Applicants can opt for a bigger 52-page passport book, or the standard 28-page book. The $110 renewal fee is the same for both passport books. Need it in a hurry? Tack on an additional $60 for expedited service.
You can find more info on passport application fees at travel.state.gov.
Q. Any thoughts on whether it's worth it to purchase Premier Gold status at United for the rest of this year?
I was Premier Gold last year, as United decided to upgrade certain customers to the next highest level if you were near to making that level (I'd been Gold the year prior to that).
As I've fallen back to Premier Silver status for this year, United says they're making an offer for me to purchase Premier Gold status for the rest of the year (for $1300). Others that I know with Silver status weren't given an offer, probably because they weren't close to making the Gold level.
The primary benefit is being able to choose seats in economy plus at the time of booking rather than scrambling the night before flying. Also would have 2 free checked bags instead of 1.
I've heard you say that it's better to just search all sites for the lowest fare on any airline, but I do have status with United, albeit Silver.
A. There are some additional advantages to achieving “gold” on United, especially if you fly internationally with other Star Alliance partner airlines. I’ve always thought that free upgrades to business and first class were the most valuable perks, but those upgrades are getting harder to find. True, you might have priority over other passengers in the event of a cancelation or misconnection. But if only being able to choose premium economy seats is your goal, remember that you can buy a lot of premium econ seats with $1300. It really depends on how often you travel and what you hope to gain from the elevated status.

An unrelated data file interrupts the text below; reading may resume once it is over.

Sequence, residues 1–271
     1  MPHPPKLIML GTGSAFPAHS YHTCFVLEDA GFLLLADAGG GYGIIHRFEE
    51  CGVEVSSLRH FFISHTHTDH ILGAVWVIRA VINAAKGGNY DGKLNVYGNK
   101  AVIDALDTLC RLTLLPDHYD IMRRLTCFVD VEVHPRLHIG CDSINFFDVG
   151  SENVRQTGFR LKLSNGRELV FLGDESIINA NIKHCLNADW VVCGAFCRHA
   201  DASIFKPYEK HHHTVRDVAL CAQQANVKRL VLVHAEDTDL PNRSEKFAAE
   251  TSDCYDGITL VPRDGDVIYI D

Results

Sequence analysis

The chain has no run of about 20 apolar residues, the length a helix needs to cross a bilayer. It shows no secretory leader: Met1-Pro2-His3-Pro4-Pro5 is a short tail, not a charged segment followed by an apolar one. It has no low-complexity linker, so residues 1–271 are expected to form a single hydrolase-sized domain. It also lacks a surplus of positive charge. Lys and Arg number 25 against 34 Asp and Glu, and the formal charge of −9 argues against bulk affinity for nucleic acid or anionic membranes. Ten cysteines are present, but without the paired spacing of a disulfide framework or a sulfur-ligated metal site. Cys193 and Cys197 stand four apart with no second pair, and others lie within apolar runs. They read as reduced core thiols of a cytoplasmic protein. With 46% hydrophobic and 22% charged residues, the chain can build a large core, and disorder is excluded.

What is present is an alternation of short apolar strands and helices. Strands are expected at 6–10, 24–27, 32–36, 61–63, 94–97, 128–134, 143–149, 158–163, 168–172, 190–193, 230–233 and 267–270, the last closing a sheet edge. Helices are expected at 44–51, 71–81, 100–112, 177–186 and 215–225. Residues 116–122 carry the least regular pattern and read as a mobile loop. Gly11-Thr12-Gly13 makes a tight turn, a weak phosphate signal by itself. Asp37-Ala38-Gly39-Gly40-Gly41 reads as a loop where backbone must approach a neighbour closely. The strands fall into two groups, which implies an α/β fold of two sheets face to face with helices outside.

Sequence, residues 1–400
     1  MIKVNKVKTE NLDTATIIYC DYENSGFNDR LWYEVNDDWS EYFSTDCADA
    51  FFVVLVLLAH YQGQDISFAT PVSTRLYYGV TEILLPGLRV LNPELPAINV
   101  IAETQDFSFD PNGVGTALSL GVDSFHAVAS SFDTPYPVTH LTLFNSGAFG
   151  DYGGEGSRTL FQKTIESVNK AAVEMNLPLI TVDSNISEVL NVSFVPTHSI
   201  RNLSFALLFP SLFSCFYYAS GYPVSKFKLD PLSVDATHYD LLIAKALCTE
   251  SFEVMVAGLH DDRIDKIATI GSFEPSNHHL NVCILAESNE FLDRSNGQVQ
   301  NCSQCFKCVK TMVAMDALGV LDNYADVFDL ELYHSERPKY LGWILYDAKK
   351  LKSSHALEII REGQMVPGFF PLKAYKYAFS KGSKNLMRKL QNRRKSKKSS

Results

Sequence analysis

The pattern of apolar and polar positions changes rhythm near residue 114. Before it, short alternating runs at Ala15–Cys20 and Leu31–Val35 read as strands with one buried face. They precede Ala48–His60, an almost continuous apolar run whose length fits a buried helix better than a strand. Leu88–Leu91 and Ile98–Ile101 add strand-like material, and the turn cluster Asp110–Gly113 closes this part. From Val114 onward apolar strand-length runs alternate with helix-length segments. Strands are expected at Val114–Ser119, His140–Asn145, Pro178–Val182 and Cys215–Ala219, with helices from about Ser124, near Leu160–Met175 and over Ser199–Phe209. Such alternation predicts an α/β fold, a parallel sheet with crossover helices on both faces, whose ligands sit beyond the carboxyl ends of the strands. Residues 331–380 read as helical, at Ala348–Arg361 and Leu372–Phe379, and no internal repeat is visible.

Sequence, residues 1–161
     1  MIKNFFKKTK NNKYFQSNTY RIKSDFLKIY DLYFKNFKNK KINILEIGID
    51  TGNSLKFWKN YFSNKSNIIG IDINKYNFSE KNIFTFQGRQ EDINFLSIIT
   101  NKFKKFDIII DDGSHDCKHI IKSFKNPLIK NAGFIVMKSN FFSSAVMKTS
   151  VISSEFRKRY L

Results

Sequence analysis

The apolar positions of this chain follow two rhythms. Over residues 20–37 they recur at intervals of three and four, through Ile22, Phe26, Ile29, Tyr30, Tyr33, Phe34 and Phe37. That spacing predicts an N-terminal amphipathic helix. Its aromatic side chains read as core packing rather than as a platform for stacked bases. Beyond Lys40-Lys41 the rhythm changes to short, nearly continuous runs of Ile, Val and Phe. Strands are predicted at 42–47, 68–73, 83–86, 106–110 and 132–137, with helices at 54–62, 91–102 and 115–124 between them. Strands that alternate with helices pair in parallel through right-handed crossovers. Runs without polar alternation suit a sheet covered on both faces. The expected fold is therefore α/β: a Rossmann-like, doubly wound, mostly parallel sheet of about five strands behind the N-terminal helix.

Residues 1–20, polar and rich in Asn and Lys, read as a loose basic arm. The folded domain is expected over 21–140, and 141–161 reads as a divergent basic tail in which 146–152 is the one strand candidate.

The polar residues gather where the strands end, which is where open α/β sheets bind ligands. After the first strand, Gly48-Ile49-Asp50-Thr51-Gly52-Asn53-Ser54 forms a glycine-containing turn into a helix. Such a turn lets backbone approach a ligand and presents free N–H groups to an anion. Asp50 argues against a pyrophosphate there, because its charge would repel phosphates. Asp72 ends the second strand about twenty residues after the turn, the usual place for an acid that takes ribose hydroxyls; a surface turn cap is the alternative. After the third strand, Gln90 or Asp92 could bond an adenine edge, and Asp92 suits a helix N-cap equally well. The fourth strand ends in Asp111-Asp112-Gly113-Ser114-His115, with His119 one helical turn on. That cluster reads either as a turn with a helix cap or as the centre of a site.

Q. I need to fly out early in the morning to reach my destination in time for a scheduled event, which is why I purchased a ticket for a 6 a.m. flight. Now I received an email that the airline has changed my departure time to 4 p.m. If I had wanted to leave at 4 p.m., then I would have bought my ticket for that time. Are airlines able to change your flight without your permission?
A. Airlines state in their contracts of carriage that schedules are not guaranteed, but you can ask to cancel your booking and get a refund without penalty, even on a non-refundable fare, if they won't reseat you on the original flight you booked. That's also in their contracts of carriage.
Q. A couple of months ago, I purchased a ticket online from American Airlines for a flight from Oklahoma City to Syracuse. When I attempted to check in for my flight, I was told that the ticket had been canceled. American said that my credit card had been rejected 3 times by Amex. They also said they emailed me to inform me of the rejection, though I never received an email.
I immediately called Amex and was told that American had made no effort to charge my card. Since I had to be in Syracuse for business the next day, I had no choice but to purchase another ticket, and this one did not come cheap. Do I have any recourse and if yes, what would you suggest?
A. Though it's rare, little technical goofs like this can happen from time to time. When making a ticket purchase online, you should always be on the look out for some sort of confirmation code on the page that follows and/or -more importantly- a confirmation via email. If you don't see either of the two, the next step should be to check your credit card charges. You can be sure that no charge means no ticket.